Kinases and Phosphatases in neuronal function and dysfunction

ORCID Research Profile


Position: Associate Professor

Research team


Rafael Alcala Vida

Early stage researcher


Ana Saavedra Martins



Gloria Blazquez Romero



Jordi Creus Muncunill



Marta Garcia Forn


Contact details


Dr. Esther Pérez Navarro

Department of Biomedicine

Faculty of Medicine, Casanova 143

08036 Barcelona (Spain)

34 93 403 52 84

estherperez (at)

Research Interests


The main objective of our group is to study molecular mechanisms that control motor coordination and cognitive function, with the main focus on the activity of kinases and phosphatases, and whether alterations in these mechanisms contribute to the symptoms observed in Huntington’s disease (HD). Although HD has been classically considered a motor disorder there is now considerable evidence that early cognitive deficits appear in patients before the onset of motor disturbances. Our final goal is thus to identify new therapeutic targets to ameliorate or prevent motor and cognitive dysfunction. We are also interested in studying whether alterations observed in the brain can be detected in blood samples from HD patients.

Current Research Lines


  • Study of the involvement of the Striatal-Enriched Protein Tyrosine phosphatase (STEP) in motor control and cognitive function (motor learning, hippocampal-dependent learning and social memory)
  • Analysis of the role of alterations in lamin levels (PKC delta target) in neuronal dysfunction in HD
  • Study of aberrant protein translation as a new pathogenic mechanism in HD

Technologies / methods


  • Behavioral assessment: Rotarod (fixed and accelerating); novel object recognition test; novel object location test, Morris water maze; vertical pole, balance beam, T-maze spontaneous alternation task, Open field, Dark-light box, Plus maze, SHIRPA battery, Three-chamber test of sociability and social novelty test, Five-trial social memory assay, Direct interaction test, Dominance tube, Resident-Intruder test, Buried food test and Olfactory habituation/dishabituation test.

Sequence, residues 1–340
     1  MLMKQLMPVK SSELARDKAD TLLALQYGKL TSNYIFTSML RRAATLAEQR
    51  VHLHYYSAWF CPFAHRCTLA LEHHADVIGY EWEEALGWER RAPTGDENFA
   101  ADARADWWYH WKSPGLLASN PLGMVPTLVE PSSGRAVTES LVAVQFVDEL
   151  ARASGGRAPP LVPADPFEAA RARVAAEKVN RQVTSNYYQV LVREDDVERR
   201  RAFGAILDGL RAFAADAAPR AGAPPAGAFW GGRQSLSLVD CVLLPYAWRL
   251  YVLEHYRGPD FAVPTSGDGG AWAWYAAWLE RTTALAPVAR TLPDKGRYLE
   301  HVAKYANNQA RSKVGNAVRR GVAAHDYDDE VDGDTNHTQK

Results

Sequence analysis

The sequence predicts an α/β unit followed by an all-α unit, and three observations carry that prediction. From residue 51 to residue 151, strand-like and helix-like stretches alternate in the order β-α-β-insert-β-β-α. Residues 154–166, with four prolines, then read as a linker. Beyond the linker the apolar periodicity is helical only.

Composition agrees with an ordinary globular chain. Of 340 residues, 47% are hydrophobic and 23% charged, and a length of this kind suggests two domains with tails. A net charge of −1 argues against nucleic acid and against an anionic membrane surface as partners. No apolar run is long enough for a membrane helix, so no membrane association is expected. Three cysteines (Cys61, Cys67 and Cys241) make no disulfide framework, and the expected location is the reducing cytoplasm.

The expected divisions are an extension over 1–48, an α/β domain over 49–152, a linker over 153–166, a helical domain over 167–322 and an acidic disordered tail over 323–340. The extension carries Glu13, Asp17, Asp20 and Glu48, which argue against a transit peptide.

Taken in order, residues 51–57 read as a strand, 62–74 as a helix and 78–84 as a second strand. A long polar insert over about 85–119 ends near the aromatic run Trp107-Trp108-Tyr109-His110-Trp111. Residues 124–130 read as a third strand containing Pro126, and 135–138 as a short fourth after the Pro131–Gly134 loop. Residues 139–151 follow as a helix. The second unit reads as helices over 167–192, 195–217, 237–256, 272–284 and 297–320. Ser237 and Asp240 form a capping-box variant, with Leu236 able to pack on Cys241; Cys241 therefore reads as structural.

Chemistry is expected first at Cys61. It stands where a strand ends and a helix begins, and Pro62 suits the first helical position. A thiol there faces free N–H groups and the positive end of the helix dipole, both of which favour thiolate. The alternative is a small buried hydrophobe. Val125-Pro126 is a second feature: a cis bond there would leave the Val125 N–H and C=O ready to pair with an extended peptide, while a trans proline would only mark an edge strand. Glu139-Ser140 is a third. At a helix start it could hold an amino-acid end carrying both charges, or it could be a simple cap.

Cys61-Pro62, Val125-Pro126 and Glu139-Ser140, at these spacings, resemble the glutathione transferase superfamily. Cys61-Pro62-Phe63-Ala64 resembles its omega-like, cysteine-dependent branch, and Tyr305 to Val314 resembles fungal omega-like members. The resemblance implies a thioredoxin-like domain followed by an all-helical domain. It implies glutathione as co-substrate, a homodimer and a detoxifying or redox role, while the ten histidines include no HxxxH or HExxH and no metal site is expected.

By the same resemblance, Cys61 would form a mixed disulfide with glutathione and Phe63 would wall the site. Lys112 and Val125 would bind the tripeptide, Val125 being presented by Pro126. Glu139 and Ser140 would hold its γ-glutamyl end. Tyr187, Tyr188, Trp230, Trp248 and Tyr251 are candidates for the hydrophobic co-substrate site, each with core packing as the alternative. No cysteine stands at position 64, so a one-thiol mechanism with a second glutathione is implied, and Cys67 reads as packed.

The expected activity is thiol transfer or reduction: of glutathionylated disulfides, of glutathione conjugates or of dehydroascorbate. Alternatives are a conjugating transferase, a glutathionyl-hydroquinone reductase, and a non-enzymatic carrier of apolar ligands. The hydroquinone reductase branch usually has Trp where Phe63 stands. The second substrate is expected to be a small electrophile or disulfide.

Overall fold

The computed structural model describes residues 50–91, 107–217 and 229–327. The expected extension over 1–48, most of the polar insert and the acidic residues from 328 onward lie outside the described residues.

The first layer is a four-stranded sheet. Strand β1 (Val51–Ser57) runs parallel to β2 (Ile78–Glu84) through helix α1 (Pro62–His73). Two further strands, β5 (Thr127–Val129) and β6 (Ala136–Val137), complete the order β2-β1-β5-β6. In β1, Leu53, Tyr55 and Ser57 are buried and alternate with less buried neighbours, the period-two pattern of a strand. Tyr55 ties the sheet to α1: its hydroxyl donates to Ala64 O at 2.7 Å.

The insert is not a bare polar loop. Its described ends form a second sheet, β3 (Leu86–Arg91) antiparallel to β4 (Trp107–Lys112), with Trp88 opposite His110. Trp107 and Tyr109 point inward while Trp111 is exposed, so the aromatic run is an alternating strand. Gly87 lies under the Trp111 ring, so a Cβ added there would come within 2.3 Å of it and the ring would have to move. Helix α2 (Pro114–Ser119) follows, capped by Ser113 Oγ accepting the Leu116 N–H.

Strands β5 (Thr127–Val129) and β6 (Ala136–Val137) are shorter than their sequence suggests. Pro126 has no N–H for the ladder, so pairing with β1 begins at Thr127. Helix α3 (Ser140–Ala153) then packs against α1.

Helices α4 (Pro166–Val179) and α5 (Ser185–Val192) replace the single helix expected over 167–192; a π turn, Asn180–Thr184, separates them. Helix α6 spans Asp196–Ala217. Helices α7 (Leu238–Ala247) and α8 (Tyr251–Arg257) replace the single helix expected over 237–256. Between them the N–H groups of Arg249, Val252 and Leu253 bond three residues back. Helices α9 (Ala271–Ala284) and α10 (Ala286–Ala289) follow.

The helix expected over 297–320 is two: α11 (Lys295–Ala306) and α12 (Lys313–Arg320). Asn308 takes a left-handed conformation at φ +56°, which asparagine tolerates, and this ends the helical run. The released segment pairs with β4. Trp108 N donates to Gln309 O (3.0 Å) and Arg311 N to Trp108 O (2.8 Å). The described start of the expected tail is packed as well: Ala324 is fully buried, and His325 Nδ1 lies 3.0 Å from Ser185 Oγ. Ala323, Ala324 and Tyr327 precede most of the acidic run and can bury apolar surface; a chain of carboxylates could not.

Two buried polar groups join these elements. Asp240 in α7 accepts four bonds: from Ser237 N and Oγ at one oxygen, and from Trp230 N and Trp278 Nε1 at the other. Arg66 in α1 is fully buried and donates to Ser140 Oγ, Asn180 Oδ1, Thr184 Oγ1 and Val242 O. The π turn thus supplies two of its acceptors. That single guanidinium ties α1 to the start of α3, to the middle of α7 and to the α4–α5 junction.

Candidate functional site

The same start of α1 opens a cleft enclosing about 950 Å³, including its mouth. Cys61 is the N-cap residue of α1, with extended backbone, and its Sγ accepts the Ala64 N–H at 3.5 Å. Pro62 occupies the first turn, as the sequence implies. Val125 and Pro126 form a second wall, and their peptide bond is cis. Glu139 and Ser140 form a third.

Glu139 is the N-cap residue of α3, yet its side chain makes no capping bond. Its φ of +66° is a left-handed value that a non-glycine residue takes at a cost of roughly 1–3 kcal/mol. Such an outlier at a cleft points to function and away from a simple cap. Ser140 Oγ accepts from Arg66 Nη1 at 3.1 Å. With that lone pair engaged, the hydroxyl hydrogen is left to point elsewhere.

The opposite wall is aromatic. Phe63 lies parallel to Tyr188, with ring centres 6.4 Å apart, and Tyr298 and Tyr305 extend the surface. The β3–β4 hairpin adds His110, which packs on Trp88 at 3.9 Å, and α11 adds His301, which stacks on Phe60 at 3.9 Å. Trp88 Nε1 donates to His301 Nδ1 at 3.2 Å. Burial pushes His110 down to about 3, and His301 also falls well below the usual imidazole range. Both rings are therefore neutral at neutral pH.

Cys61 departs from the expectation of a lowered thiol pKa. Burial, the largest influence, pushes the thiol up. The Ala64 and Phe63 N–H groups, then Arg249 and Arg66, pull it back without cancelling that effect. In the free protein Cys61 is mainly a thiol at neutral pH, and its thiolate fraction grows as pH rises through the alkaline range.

• Stereotaxia, Western blot, cell fractionation, immunohistochemistry, stereology microscopy, morphological analysis, PCR, Cell culture (cell lines and neuronal primary cultures), transfection and infection.

Highlighted publications


· Rué L, Bañez-Coronel M, Creus-Muncunill J, Giralt A, Alcalá-Vida R, Mentxaka G, Kagerbauer B, Zomeño-Abellán MT, Aranda Z, Venturi V, Pérez-Navarro E, Estivill X, Martí E. Targeting CAG repeat RNAs reduces Huntington’s disease phenotype independently of huntingtin levels. J Clin Invest. 2016, 126:4319-4330.


· Azkona G, Saavedra A, Aira Z, Aluja D, Xifró X, Baguley T, Alberch J, Ellman JA, Lombroso PJ, Azkue JJ, Pérez-Navarro E. STEP modulates nociception: evidences from genetic deletion and pharmacological inhibition. Pain, 2016, 157:377-386


· Tyebji S, Saavedra A, Canas PM, Pliassova A, Delgado-García JM, Alberch J, Cunha RA, Gruart A, Pérez-Navarro E (2015) Hyperactivation of D1 and A2A receptors contributes to cognitive dysfunction in Huntington’s disease. Neurobiol Dis. 74:41-57.


· Saavedra A, Giralt A, Rué L, Xifró X, Xu J, Ortega Z, Lucas JJ, Lombroso PJ, Alberch J, Pérez-Navarro E (2011) Striatal-enriched protein tyrosine phosphatase expression and activity in Huntington’s disease: a STEP in the resistance to excitotoxicity. J Neurosci. 31:8150-62.


· Giralt A, Saavedra A, Carretón O, Xifró X, Alberch J, Pérez-Navarro E. (2011) Increased PKA signaling disrupts recognition memory and spatial memory: role in Huntington’s disease. Hum Mol Genet. 20:4232-4247.